When my first son was born it became clear that a portion of my Christmas card list wanted photos. I confess to being pretty inconsistent with sending out photos through the years. Usually I would grossly misjudge the number of people who should be receiving photos and order what I thought was a reasonable amount. Plus I’m pretty cheap when it comes to buying anything other than musical equipment, and photos cost money.

My mother died on December 17, 2007, just four months after my second son was born. She never had a chance to reprimand me for not sending a photo of my new son to Mrs. So-and-So. She never had a chance to tell me Aunt So-and-So thought her second grandson was the most adorable baby ever. She spent her last holiday season in hospice in a nursing home and I don’t recall many Christmas cards my mother would have loved to see, reaching her. I don’t doubt that the idea of getting her cards out was on her mind when she had a lucid moment.

This year. This year I got it together. I thought about who would get school photos in their Christmas cards and I ordered generously. Then I sat down with my Christmas list spreadsheet, not updated since 2012 and began to edit. I have but one aunt left. One of my favorite aunt’s passed away just a month ago. I hadn’t been in touch with her in the past few years other than our yearly Christmas card exchange, although I had been meaning to call or write. . . My mother’s lifelong friend, who I had continued to correspond with out of a sense of a shared connection with my mother, has been moved to a nursing home. The great aunts all long gone, the addresses of the second cousins long lost, but I do wonder where they are and what has become of them. I have enough pictures of my kids,  but there are fewer people to receive the photos. And when it comes to addressing the cards I find myself reverting back to the traditional Mr. & Mrs. Still Married Couple, because when I get to the friends on my list who are separated or divorced or never took their husband’s name in the first place, I’m a little stymied. Did she go back to her maiden name? Did the children keep their father’s last name? Frankly I’m back to writing just the first names on the envelope. If I have the extended zip code I know it will get there.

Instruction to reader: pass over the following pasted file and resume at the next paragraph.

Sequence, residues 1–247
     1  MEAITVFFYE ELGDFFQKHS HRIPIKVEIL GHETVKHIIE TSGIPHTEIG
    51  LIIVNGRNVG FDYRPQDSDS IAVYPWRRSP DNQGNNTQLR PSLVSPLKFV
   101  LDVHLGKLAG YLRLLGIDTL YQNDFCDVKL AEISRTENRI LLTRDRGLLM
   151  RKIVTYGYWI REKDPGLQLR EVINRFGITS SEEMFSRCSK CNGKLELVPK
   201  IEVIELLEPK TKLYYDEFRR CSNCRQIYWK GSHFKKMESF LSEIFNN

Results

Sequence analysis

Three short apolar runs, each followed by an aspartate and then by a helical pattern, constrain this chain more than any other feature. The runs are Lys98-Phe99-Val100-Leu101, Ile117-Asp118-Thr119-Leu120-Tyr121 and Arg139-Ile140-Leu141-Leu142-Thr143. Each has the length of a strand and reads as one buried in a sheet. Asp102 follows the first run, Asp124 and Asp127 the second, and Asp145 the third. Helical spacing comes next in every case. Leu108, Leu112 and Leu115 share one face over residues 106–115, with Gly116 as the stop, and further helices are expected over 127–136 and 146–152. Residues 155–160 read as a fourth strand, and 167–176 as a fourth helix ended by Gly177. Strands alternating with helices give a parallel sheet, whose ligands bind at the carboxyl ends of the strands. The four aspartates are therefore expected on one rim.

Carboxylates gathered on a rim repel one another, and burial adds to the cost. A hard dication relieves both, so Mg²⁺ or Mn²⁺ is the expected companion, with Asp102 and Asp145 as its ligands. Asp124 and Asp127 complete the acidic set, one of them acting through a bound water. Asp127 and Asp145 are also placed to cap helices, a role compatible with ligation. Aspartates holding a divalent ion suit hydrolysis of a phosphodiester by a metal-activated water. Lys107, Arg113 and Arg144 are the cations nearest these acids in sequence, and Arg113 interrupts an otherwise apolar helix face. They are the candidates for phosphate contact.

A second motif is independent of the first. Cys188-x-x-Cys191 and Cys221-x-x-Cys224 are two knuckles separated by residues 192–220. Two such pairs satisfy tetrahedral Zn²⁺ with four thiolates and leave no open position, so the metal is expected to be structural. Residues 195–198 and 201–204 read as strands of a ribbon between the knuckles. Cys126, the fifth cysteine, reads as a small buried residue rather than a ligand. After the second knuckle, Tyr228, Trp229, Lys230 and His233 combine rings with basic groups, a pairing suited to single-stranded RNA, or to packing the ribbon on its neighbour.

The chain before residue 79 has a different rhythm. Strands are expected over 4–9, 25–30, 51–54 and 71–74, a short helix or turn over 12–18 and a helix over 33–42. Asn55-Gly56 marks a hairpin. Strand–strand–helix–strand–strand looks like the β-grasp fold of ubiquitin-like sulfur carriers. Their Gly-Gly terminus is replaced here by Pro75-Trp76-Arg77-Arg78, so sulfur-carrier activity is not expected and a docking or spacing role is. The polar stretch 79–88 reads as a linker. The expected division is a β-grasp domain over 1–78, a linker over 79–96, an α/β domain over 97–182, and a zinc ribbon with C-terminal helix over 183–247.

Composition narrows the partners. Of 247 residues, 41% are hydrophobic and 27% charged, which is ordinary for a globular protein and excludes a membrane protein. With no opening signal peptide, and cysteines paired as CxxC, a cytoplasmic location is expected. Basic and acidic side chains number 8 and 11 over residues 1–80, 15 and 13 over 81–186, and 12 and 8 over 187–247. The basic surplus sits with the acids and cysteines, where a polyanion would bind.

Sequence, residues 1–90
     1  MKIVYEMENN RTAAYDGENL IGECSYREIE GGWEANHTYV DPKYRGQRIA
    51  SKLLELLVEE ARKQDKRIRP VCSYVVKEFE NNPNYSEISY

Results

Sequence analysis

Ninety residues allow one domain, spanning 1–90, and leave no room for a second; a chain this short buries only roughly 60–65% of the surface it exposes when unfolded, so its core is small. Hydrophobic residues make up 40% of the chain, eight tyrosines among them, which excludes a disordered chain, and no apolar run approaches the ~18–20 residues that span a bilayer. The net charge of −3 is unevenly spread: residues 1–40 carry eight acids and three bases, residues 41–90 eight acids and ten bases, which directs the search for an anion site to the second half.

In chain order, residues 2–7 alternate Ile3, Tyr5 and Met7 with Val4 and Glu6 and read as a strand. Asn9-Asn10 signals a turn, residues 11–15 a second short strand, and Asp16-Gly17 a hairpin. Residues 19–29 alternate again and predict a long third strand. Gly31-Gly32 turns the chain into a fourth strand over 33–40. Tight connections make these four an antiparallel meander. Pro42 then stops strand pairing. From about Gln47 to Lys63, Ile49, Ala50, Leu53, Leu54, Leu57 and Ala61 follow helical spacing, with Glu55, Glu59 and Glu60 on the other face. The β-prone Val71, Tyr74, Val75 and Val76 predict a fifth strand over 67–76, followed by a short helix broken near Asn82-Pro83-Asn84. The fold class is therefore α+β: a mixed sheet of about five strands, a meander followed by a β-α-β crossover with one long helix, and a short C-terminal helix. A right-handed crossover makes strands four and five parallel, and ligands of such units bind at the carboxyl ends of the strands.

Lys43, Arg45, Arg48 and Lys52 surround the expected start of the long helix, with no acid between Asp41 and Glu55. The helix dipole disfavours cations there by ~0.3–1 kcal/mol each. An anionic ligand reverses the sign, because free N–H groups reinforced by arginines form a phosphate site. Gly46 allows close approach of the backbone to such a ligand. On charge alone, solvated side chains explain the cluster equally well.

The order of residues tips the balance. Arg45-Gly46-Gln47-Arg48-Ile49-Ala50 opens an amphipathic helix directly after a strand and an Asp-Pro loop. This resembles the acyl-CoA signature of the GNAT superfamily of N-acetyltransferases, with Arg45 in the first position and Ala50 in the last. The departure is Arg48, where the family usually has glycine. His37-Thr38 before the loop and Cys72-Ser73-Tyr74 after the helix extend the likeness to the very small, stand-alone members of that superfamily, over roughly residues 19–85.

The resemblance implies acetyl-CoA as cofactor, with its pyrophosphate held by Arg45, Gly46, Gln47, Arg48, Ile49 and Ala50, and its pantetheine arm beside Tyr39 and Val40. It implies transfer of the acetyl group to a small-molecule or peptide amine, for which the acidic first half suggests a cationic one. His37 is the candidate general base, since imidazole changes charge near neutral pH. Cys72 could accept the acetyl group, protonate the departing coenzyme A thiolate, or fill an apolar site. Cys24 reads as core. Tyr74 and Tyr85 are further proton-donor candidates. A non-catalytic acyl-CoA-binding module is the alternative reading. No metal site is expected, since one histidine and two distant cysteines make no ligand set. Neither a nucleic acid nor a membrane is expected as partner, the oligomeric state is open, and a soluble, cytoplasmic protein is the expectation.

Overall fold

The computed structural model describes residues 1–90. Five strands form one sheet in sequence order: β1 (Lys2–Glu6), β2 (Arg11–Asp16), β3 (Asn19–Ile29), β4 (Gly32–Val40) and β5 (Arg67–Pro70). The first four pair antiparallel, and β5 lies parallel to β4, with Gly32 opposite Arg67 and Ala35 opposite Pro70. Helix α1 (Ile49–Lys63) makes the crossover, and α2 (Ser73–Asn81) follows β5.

When I moved my mother out of her house for good I came across a nightstand that appeared to have every greeting card she had ever received crammed in its drawers. Clearly those cards meant something to her. They were proof of a connection, somewhere someone cared. It was a brief, brightly colored nod and wave across distance and time that said “We share history. I know you and remember you even if we don’t see each other very often. I want you to know I still think of you and I want you to have a Merry Christmas and a Happy New Year. (Because who knows how many years any of us have left.)”

Finally I get it, mom.

I have never been good at counting my blessings; I’m far too negative for that. Those chipper, upbeat people on my Facebook feed (how did I even get these friends?) are constantly posting positive, life-affirming sayings, and it takes a great deal of will power on my part to not refute each and every one as oversimplifying, sugar coating or self-aggrandizing the true nature of our existence. Luckily I was taught not to say anything if I have nothing nice to say and so I remain, to most people, very quiet.

However, I sometimes feel the need to take a life inventory of sorts, just to remind myself how none of this makes any sense, but here I am and no matter what, it could always be worse.

Here then, in my most positively pessimistic perspective, is my list of miseries and how it could be worse: